This was an extremely enjoyable book.  I’m not a huge fan of the Oscars, especially now that it’s all fought out in dueling marketing campaigns, but the stories and personalities described here are all fascinating.  Schulman begins with the Academy’s origins as a way to head off unionization and the Hays Code, and moves through its key personalities and stories over the decades:  Frank Capra’s rise from parvenu to rebel, the impact of World War II, Gloria Swanson and Bette Davis facing off, the blacklist of the Cold War era, the rise of a new generation in “Easy Rider” and “Midnight Cowboy,” the disastrous 1989 Oscars, and the rise and fall of Harvey Weinstein.  Schulman ends with a great discussion of the few Black winners throughout the Oscars’ history and a look at the modern era and the push to recognize diverse filmmaking.  Just a great, well-written overview for cinephiles.  (And yes, “the slap” is there.)


Chesapeake Requiem: A Year with the Watermen of Vanishing Tangier Island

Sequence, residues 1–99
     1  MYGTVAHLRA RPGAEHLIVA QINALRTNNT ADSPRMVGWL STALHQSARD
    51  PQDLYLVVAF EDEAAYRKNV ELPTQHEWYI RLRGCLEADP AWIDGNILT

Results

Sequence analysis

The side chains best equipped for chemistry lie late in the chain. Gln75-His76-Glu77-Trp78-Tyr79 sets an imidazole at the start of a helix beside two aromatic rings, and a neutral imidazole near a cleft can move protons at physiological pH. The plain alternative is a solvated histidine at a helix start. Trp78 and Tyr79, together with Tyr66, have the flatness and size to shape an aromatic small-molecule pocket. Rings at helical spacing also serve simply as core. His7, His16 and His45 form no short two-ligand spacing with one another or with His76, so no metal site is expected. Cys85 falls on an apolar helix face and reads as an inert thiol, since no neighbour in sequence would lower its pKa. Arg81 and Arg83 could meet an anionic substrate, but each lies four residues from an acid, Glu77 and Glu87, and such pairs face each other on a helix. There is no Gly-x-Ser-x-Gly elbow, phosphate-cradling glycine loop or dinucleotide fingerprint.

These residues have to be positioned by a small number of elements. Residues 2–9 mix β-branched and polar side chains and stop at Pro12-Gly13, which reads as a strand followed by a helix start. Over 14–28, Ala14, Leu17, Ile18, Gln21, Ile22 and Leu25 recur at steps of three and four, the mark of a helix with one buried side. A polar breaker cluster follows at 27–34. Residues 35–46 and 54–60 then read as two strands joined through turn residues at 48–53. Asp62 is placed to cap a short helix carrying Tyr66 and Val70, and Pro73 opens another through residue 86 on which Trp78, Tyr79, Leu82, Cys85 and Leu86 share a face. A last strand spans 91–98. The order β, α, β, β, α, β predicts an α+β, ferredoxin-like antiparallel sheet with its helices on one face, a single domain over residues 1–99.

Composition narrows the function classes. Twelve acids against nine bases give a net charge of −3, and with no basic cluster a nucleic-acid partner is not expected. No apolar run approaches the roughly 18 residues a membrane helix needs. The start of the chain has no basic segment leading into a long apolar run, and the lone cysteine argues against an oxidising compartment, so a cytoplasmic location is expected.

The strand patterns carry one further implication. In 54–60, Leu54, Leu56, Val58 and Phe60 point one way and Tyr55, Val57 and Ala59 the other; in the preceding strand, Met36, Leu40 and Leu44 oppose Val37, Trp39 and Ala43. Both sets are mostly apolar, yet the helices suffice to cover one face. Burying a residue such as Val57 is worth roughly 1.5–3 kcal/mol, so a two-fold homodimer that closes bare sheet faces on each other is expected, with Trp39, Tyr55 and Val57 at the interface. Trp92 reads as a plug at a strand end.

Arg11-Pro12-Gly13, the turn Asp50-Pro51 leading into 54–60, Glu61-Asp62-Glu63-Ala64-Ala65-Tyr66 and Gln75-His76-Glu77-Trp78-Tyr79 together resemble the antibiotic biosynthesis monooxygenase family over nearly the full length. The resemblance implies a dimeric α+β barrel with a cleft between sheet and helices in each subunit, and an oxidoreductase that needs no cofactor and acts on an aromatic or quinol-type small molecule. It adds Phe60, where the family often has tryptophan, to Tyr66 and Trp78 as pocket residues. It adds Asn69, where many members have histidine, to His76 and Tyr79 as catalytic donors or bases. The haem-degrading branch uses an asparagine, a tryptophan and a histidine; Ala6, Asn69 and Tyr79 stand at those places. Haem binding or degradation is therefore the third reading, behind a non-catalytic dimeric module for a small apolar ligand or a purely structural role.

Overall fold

By Earl Swift

Published by HarperCollins

Reviewed by Clinton Bradley

Tangier Island is a place under assault by the wind and waves of the Chesapeake and by neglect from the state.  The expansive title is accurate in that it is the unique culture that is at risk.  Less known than Smith Island, Tangier is home to those who try to live at peace with each other, appreciative of their roots, and make their living from the Chesapeake.  Although I did not grow up there, I did grow up surrounded by Watermen and on the Chesapeake.  In reading this book, I could literally hear the sounds, smell the smells, and see the waves, boats, and people.  The book for me is heartwarming and heartbreaking at the same time.  I am so appreciative of the author for providing me the opportunity to cherish what I consider my indigenous culture once again.  I sincerely hope that a Chesapeake Requiem is not the future.